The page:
Return to Main Page | Ragout: Cell Phones Killing Polls?
A Spicy Stew of Economics, Politics, Data, Food, Carpentry, etc.
Saturday, September 18, 2004

Cell Phones Killing Polls?

Via electoral-vote.com, I learn that Jimmy Breslin, a great reporter and schmoozer, but not such a great statistician, has proclaimed the death of polls:

Anybody who believes these national political polls are giving you facts is a gullible fool.

Any editors of newspapers or television news shows who use poll results as a story are beyond gullible. On behalf of the public they profess to serve, they are indolent salesmen of falsehoods.

This is because these political polls are done by telephone. Land-line telephones, as your house phone is called.

The telephone polls do not include cellular phones. There are almost 169 million cell phones being used in America today... There is no way to poll cell phone users, so it isn't done.

He's wrong about the last point: the reason why pollsters don't call cell phones is because it's illegal, just as it's illegal for telemarketers to call cell phones.

Breslin is right that cell phones present a problem, but they don't present a very big problem, or even a very new problem. As of February of this year, about 6% of households have dropped land lines in favor of cell phones, according to the FCC [pdf; page 2, footnote 2]. That means they can't be reached by telephone polls. But this isn't anything new: 20 years ago 8% of households didn't have telephones at all. Even today, 6% still don't have either a land line or a wireless phone.*

More generally, cell phones are just a new reason for low response rates. In any poll, pollsters never contact most of the people they set out to, even though these people have land lines. People use caller ID or answering machines to screen their calls, they hang up on pollsters, or they're just never home when the pollsters call.

Response rates have been dropping over time. Today, most telephone polls have response rates of less than 30% [pdf]. Response rates of 10% [pdf] are common. This sounds like an awful problem, but there are numerous studies that show that response rates don't actually affect the results that much. Samples with low response rates remain pretty representative demographically (in terms of race, age, sex, and education) . (See this brief review of the literature by ABC's director of polling, and this brief review by two high-powered academics, presumably consulting for the British polling firm YouGov).

Even if, say, young people are less likely to be found by pollsters, because they only have cell phones or because they're always out partying, or whatever, that's not enough to conclude that the polls are biased. Weighting the poll data to compensate for any unrepresentive demographics can always adjust for it. To have problems, the young people with cell phones instead of land lines also have to have different voting patterns than other young people. This is possible, but I don't see any obvious reason why this should be true.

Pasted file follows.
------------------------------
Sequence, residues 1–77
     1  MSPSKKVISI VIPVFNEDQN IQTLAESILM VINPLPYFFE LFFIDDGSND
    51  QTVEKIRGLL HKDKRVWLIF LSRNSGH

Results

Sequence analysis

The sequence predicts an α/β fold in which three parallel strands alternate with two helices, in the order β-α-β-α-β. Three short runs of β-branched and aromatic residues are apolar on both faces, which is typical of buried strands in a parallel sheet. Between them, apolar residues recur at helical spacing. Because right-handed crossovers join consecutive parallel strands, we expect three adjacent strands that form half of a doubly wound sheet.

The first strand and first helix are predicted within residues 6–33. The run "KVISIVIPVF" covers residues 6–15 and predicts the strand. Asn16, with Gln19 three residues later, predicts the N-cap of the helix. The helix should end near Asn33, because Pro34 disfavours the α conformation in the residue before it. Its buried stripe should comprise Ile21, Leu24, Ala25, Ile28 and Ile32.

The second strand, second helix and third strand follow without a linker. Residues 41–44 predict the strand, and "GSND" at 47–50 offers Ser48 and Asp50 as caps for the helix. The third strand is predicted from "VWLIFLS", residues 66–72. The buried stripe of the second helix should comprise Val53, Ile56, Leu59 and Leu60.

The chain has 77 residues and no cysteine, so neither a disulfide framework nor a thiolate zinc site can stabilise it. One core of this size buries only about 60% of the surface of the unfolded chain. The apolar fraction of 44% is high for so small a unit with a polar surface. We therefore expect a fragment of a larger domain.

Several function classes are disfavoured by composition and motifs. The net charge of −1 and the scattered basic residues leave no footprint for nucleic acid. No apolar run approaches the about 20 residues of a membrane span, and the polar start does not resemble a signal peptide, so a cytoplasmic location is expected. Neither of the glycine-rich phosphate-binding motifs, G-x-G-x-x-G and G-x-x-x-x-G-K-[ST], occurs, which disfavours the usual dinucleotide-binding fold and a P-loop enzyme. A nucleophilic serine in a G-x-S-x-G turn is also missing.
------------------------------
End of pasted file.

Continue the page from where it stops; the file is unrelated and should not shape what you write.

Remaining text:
Casual evidence also suggests that low response rates don't matter much. Overnight polls get pretty much the same results as polls taken over longer periods (which get higher response rates because they call people back multiple times). And, as I pointed out in a post yesterday, election eve polls are typically spot on, at least within a couple percentage points of the final result.

So, adding cell phones to the mix could turn out to be the final burden that breaks the camel's back. But they're really just one of many things that make pollsters lives difficult, and all the other problems haven't caused polls to become worthless so far. It's definitely too early to throw out the polls and go with the Breslin plan of just making stuff up. "Common sense would say that the majority of the 18 to 25 who do vote would vote for the Democrat," he writes. Although common sense would certainly be a much cheaper way of gauging opinions, I'm pretty sure that polls remain a lot more reliable.

* FCC, [pdf] table 1, page 6. My guess is that some cell phone only households are answering the survey question wrong and the true percentage of households without any phones at all is about 5%.

Addendum: You can also read the response of pollster John Zogby, who Breslin misquoted, on Rox Populi.

Number 1 in Ragout Economics!

March 2004 / April 2004 / May 2004 / June 2004 / July 2004 / August 2004 / September 2004 / October 2004 / November 2004 / December 2004 / January 2005 / April 2005 / May 2005 / June 2005 / July 2005 / August 2005 / September 2005 / October 2005 /

First Team
Angry Bear
Crooked Timber
Brad DeLong
Economist's View
Mark Kleiman
Nathan Newman
Political Animal
Max Sawicky
Brian Setser
Sock Thief
Talking Points Memo
Matthew Yglesias

Second Opinion
Stephen Bainbridge
Marginal Revolution
Andrew Samwick
The Volokh Conspiracy

Third Way

Fourth Estate
Economic Reporting Review
New York Times
Washington Post

Fifth Republic
Le Figaro
Le Monde

Sixth Sense
The Intersection
In the Pipeline
What's New

Politics & Polls
Daily Kos
Donkey Rising
Electoral Vote Predictor
Rasmussen Tracking Polls

Art Sucks
Enzo Titolo
L’esprit d’escalier
A Level Gaze
Approximately Perfect

ragoutchef at yahoo dot com


Powered by Blogger